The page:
Chronic illness also has an impact on others living in the same household, as their annual earnings fall by around £1,200 on average, the report found.
Chronic and long-term illness at work:
Carsten Jung, IPPR senior economist, said poor health affects personal finances and career prospects.
Speaking to HR magazine, he said: “About half of exits from employment are related to poor health. And those who stay in work often work fewer hours.
“Almost a third of people report that poor mental health impacts how much they achieve at work. For those with a mental health condition, virtually all say it impacts their work negatively.”
The report found the onset of a mental illness has led to an average annual earnings fall of around £1,700 since 2020.
Jung highlighted a gender disparity in the report, which found better health would improve the incomes of all women as a group at twice the rate of men.
He said: “Women in the UK have higher rates of chronic illness and poorer mental health than men.
“For example, they have a nine-percentage point higher chance of poor mental health than men, with more than every fourth woman suffering from it.
“Improving national health would disproportionately benefit women and their economic prospects alongside it.”
Almost one in three people suffer from chronic illness, and long-term illness costs the UK economy £43 billion per year.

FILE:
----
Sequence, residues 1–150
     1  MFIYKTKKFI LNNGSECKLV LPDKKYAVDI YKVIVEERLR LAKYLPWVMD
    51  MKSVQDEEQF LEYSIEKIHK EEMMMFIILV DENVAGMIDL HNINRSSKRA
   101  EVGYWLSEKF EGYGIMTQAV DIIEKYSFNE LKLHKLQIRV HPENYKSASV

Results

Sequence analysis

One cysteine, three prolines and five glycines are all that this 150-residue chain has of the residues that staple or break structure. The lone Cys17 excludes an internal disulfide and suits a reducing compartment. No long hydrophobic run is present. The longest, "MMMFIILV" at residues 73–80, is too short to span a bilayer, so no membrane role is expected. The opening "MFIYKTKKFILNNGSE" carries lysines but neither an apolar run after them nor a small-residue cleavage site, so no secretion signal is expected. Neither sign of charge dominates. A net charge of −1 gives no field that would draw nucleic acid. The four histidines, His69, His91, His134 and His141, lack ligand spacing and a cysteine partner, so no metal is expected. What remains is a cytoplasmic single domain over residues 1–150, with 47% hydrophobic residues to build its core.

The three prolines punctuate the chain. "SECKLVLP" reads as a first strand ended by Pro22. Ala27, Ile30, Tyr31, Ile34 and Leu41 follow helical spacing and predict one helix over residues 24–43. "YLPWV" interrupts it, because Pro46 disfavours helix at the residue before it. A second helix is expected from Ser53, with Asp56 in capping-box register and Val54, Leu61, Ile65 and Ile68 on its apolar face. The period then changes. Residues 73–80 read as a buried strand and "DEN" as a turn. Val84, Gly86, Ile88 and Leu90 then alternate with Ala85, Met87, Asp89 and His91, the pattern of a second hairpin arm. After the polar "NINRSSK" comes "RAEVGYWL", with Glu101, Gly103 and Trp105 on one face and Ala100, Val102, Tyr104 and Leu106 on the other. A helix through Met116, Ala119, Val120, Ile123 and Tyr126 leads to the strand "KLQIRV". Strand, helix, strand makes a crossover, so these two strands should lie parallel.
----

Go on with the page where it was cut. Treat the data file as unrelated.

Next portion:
Ara Darzi, co-director of the Institute of Global Health Innovation at Imperial College London, said the UK government cannot afford to wait to take preventative action.
He said: "Policymakers risk focusing too much on the costs of tackling chronic health problems and too little on the economic, social and individual benefits of greater investment in the nation’s health.
"There is much more that could be done with new, early interventions to pre-empt disease before it damages lives.”
The news comes as new figures from the ONS show a 24% increase in days lost to sickness absence across the UK in 2022.
In total, the UK lost 185.6 million working days to sickness absence last year, the highest number since records began in 1995.
Paula Coffey, director of claims, rehab and medical services, at employee benefits provider Unum said the government needs to reform the Statutory Sick Pay system to stop this affecting workers finances.
Speaking to HR magazine, she said: “The current Statutory Sick Pay (SSP) system only begins paying a benefit from the fourth day of absence.
“That’s why Unum has recently called on the government to introduce SSP reforms, with a focus on payments from the first day of sickness absence.”
Jung also said employers also have a role to play in mitigating the financial effects of illness.
“Employers can support employees through working conditions that are better geared to people with illnesses.
“These include for example, flexible working and improved autonomy, employment support services, as well Individual Placement and Support schemes for people with mental health issues.”